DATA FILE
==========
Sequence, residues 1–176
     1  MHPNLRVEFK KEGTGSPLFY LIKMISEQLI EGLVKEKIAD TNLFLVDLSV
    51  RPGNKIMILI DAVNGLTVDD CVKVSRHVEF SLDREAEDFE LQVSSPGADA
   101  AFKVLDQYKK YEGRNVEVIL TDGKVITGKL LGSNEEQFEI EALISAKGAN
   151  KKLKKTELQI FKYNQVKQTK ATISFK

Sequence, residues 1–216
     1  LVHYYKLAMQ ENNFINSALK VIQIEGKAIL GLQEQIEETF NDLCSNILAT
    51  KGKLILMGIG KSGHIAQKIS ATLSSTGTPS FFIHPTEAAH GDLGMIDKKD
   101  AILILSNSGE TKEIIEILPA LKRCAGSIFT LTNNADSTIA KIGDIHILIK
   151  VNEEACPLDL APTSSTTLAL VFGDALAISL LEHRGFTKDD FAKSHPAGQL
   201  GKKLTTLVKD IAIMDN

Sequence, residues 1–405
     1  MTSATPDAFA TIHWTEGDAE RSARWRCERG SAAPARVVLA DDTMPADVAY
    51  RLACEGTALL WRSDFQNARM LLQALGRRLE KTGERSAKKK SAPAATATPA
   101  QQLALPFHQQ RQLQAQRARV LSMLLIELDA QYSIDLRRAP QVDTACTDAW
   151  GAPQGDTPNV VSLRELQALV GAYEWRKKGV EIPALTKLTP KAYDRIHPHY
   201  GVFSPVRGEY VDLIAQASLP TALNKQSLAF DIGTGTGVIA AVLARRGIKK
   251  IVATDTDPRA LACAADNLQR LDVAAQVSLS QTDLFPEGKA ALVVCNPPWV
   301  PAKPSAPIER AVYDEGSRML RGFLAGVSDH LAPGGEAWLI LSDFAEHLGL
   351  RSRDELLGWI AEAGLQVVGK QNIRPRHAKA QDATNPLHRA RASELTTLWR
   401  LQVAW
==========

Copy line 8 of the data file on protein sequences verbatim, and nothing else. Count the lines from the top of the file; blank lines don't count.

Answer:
    51  KGKLILMGIG KSGHIAQKIS ATLSSTGTPS FFIHPTEAAH GDLGMIDKKD